Guy Kawasaki was on Apple's front line in the 1980s leading the charge to convince developers to use the Macintosh. A well-known figure in Silicon Valley, Kawasaki was the company's first chief evangelist, whose job it was to make sure the Mac stood a chance against incumbent IBM by winning the hearts and minds of applications developers.
Obviously, other factors helped put the Mac on the map. There was an elaborate -- an early example of the kind of rousing presentation Apple's former chief executive would become famous for delivering. And don't forget the launch of Macworld, a magazine devoted to the machine, as well as a now-iconic Super Bowl ad called "1984" by director Ridley Scott.
But Kawasaki hopes he can repeat his success at Apple as the chief evangelist for a little-known, Sydney-based design tech company called Canva. The startup makes free software that lets people design graphics for use in blog posts, or on business cards, fliers, posters, or presentations. The company announced Kawasaki's appointment on Wednesday.
"Apple was my first platform to democratize something, which was computing," he said, referring to the Mac's role in bringing personal computing to mainstream consumers. "Now, this is the way to democratize design."
Canva's software is in line with a greater trend that sees the Web catering to a do-it-yourself mentality, from the growing popularity of 3D printing with companies like MakerBot and Shapeways, to the online storefront network Etsy.
There are other graphic design tools, including Adobe Illustrator. Kawasaki said the goal isn't to snake away users from other software but to attract people who weren't doing any designing to begin with. "It's about making the pie bigger," he said.
Canva was co-founded in August 2012 by Melanie Perkins, Cliff Obrecht, and Cameron Adams. Perkins and Obrecht originally ran an e-publishing platform for yearbooks, and spun out Canva from there. Since the product launched last summer, the company said it has 330,000 registered users who create 100,000 new designs a week and have collectively created more than 1.5 million designs on the site.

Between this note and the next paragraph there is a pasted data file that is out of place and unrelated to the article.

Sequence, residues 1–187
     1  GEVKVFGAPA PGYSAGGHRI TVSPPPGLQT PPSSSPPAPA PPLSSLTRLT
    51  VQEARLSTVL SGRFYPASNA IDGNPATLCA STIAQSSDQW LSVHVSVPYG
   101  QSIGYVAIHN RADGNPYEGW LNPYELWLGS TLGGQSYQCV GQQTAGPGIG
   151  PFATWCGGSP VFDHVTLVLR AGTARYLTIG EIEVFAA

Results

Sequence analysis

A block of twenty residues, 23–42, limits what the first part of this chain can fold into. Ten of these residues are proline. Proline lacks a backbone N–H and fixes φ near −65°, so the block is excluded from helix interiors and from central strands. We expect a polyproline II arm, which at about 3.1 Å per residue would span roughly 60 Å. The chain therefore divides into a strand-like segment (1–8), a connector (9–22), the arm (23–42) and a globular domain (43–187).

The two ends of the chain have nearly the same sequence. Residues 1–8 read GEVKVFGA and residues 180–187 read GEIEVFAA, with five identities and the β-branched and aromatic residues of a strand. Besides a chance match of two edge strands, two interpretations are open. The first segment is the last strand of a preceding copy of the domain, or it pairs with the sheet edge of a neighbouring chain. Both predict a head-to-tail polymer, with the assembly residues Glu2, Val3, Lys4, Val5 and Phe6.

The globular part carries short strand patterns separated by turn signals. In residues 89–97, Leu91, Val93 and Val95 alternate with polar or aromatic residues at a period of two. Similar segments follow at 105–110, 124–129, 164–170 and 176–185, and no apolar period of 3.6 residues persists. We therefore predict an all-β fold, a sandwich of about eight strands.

Kawasaki said he learned of Canva because a woman who helps handle his social media accounts was using it to create graphics for him. The company contacted him three weeks ago after seeing his name in its user database.
Outside of Apple, Kawasaki has written several books, founded the venture capital firm Garage.com, and started firms like the Mac database company ACIUS and Alltop, a news aggregation site. But he hasn't donned the evangelical title since working for Apple.
Why would Kawasaki get back in that saddle again? When asked, he paused, and the eloquent Kawasaki stammered for the only time during our conversation. "It's basically an emotional decision. Contrary to what many people believe, I think that something like this is falling in love," he said. Typically, he gets pitched on things constantly, then consults with his wife and friends, and brushes the projects off. "I can tell you with great honesty that this is the first time in my career that I didn't check with anybody before deciding to do it. Then I let all my best friends know."
The biggest difference between cheerleading a product now versus while he was at Apple is just how powerful the communication channels have become. In 1997, he had 44,000 email addresses on his email list -- nothing to scoff at. Now, he said he has more than 8 million followers across his social media networks. To get the word out about Canva, he plans to do things like writing blog posts on how to leverage the software and perform demos during speaking engagements.
While the software is intriguing, there's got to be something more to attract a Silicon Valley big wig like Kawasaki. After all, Apple didn't stop with the Mac and went on the create the iPod and iPhone. Kawasaki said Canva has plans for expansion, but he's mum about details. "Let's just say it's more than designing online," he said.